NFL: Refs erred on missed Chiefs FG that cost Steelers postseason bid
Steelers coach Mike Tomlin is taking no consolation from the NFL's admission the Chargers lined up illegally on the failed 41-yard field goal try by the Chiefs' Ryan Succop that kept Pittsburgh out of the playoffs.
“I think it's just best that I wrap a bow around the season and move on from there,” Tomlin said Monday. “I am not looking to assess blame on anybody else about our current position other than ourselves.”
But Tomlin said “a lot of work must be done from an officiating standpoint” — possibly including the hiring of full-time officials, an issue he might address as a new member of the NFL's Competition Committee.
On the field goal try with eight seconds remaining Sunday, the Chargers lined up seven defenders to the left of the center. A rules change enacted during the offseason permits only six players to be on either side of the center on a kick; the rule is designed to prevent teams from stacking a huge number of defenders on one side of the ball to attempt to block a kick.
With a multitude of defenders surging toward him from his left, Succop watched his kick sail slightly wide right. The Chargers went on to win in overtime, 27-24 — sending them to Cincinnati for a wild-card game Sunday and sending the Steelers home with an 8-8 record. The Steelers would have advanced with a Kansas City win.
If referee Bill Leavy's crew had penalized the Chargers, Succop would have tried a 36-yard field goal, rather than 41 yards. The play was not reviewable since there was no call on the field.
Tomlin, speaking at his season-ending news conference, said he noticed immediately on TV that the Chargers were lined up improperly. Asked his reaction, Tomlin said, “I'll leave that between myself, my sons and our basement.”
Tomlin was diplomatic about discussing the missed call, saying the NFL issued a statement, and he didn't want to expand beyond that.
However, asked his reaction to the way the game ended, Tomlin said, “What do you think?”
Wide receiver Jerricho Cotchery said the Steelers can't blame the league, the officials or Succop for missing the playoffs.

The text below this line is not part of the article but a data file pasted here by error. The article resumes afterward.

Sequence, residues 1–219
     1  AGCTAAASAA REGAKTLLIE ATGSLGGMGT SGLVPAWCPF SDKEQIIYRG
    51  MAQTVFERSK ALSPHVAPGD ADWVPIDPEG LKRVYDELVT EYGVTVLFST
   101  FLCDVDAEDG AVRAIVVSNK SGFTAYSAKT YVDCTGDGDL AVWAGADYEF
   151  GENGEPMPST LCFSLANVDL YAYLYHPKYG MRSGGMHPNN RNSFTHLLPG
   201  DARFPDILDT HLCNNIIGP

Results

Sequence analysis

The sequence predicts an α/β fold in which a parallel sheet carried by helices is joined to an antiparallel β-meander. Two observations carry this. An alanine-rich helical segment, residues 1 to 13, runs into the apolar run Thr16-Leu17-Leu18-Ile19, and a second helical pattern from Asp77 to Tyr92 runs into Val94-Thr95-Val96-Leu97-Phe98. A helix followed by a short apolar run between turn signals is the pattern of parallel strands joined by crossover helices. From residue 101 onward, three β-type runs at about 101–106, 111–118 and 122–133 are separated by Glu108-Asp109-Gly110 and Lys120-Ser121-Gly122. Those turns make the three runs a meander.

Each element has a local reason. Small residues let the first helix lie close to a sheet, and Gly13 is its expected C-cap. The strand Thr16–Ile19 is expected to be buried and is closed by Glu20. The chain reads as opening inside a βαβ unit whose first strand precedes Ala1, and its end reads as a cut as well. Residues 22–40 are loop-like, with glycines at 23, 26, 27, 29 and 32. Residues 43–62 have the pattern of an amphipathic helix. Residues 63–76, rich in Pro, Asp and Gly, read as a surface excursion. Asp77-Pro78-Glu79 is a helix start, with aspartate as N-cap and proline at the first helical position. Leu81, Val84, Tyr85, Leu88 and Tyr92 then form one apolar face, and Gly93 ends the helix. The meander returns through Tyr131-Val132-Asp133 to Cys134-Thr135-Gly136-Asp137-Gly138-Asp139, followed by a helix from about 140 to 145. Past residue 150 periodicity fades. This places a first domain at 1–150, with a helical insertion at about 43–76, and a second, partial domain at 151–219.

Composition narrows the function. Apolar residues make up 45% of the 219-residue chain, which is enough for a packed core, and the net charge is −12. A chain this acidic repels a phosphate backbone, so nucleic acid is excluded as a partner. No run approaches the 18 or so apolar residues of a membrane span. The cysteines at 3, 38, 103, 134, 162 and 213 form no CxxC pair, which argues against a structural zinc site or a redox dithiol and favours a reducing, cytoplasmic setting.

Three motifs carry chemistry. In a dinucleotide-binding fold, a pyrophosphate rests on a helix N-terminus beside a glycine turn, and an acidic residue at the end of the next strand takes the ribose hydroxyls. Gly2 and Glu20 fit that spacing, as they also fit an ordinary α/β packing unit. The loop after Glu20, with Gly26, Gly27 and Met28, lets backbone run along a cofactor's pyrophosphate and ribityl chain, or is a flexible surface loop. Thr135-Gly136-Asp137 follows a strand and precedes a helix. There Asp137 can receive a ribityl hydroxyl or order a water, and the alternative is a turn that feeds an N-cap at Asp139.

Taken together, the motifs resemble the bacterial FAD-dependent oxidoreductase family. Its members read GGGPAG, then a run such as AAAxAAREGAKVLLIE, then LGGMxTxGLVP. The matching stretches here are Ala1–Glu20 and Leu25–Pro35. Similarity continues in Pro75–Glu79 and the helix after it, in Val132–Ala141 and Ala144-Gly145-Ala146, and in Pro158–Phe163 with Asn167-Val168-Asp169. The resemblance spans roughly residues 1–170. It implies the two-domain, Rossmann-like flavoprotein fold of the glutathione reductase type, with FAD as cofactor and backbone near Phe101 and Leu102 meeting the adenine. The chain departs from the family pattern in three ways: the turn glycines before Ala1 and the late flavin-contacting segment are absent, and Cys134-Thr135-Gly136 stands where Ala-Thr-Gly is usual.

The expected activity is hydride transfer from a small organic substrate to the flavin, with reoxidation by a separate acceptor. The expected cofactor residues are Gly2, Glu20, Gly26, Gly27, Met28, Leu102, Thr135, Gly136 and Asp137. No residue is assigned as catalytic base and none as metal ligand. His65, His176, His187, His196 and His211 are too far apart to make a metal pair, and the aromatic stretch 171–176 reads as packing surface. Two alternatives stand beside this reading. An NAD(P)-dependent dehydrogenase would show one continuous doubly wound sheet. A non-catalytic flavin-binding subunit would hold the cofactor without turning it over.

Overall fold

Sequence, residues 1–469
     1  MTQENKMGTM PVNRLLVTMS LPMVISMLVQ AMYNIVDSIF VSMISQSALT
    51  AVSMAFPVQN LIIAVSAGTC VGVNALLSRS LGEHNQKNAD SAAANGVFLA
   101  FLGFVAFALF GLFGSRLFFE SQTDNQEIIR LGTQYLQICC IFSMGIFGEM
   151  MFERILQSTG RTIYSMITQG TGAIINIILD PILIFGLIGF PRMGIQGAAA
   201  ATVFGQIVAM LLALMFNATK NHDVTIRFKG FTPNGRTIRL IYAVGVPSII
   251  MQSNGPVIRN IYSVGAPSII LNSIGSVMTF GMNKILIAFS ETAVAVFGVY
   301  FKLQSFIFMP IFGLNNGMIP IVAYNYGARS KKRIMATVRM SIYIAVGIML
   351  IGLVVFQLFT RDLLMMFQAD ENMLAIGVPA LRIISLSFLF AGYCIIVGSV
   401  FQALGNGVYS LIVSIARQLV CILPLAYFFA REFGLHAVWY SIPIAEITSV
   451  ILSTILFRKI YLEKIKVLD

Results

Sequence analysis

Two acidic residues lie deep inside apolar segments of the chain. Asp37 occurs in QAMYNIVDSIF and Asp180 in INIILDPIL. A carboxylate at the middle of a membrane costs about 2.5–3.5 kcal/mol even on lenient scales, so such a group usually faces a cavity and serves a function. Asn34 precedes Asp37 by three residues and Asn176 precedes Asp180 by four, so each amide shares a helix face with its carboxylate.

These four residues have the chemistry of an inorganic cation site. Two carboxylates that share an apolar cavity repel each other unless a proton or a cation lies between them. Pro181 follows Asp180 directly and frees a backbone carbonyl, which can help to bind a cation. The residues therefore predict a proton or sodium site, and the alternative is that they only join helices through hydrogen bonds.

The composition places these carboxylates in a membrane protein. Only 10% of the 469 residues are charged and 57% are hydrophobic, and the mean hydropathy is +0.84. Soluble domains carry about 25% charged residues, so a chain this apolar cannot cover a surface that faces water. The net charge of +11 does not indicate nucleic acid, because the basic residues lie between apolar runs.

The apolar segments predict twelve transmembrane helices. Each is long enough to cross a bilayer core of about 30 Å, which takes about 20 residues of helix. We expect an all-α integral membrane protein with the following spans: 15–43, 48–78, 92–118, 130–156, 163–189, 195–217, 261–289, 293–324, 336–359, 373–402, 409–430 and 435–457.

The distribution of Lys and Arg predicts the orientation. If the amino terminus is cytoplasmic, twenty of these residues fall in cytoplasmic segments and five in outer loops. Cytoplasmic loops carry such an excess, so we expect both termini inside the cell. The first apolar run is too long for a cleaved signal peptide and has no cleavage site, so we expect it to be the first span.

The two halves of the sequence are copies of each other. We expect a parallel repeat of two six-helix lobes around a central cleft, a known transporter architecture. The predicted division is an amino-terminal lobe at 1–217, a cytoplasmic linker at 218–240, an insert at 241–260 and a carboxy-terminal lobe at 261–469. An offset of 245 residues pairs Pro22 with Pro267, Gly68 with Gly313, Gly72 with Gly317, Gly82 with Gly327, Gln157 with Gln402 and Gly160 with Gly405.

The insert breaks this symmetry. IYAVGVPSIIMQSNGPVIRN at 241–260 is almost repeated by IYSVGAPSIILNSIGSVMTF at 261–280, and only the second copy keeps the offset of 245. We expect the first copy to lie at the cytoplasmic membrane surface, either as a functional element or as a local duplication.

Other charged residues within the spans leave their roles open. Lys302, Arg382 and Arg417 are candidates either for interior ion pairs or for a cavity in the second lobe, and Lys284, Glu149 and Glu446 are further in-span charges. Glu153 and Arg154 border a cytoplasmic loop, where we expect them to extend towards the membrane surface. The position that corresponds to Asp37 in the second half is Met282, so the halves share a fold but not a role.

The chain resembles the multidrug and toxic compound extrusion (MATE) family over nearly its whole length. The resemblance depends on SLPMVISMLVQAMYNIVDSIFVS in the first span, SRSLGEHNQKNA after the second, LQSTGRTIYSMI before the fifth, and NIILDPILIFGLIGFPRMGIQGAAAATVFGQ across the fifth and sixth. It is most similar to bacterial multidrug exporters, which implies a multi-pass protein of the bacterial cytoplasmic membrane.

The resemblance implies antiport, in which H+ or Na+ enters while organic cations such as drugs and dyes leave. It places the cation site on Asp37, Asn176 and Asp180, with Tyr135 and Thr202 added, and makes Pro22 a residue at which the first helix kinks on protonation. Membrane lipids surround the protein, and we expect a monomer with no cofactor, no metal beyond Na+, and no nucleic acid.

“At the end of the day, we have to start better,” he said, refereeing to their 0-4 September. “You don't want to be on your couch, hoping that a kicker makes a field goal for you to get into the playoffs.”
Still, of the officiating in general, Tomlin said, “There is a lot of work that needs to be done … I think it has been played out and well documented over the last several weeks, not only in stadiums we have played in but others. I look forward to being part of the process of helping it improve. I think that's the mentality that we all should have.
“I intend to roll my sleeves up and offer any insight I can in terms of making this the very best it can be moving forward.”
Show commenting policy
TribLive commenting policy
You are solely responsible for your comments and by using TribLive.com you agree to our Terms of Service.
We moderate comments. Our goal is to provide substantive commentary for a general readership. By screening submissions, we provide a space where readers can share intelligent and informed commentary that enhances the quality of our news and information.
While most comments will be posted if they are on-topic and not abusive, moderating decisions are subjective. We will make them as carefully and consistently as we can. Because of the volume of reader comments, we cannot review individual moderation decisions with readers.
We value thoughtful comments representing a range of views that make their point quickly and politely. We make an effort to protect discussions from repeated comments either by the same reader or different readers.
We follow the same standards for taste as the daily newspaper. A few things we won't tolerate: personal attacks, obscenity, vulgarity, profanity (including expletives and letters followed by dashes), commercial promotion, impersonations, incoherence, proselytizing and SHOUTING. Don't include URLs to Web sites.
We do not edit comments. They are either approved or deleted. We reserve the right to edit a comment that is quoted or excerpted in an article. In this case, we may fix spelling and punctuation.
We welcome strong opinions and criticism of our work, but we don't want comments to become bogged down with discussions of our policies and we will moderate accordingly.
We appreciate it when readers and people quoted in articles or blog posts point out errors of fact or emphasis and will investigate all assertions. But these suggestions should be sent via e-mail. To avoid distracting other readers, we won't publish comments that suggest a correction. Instead, corrections will be made in a blog post or in an article.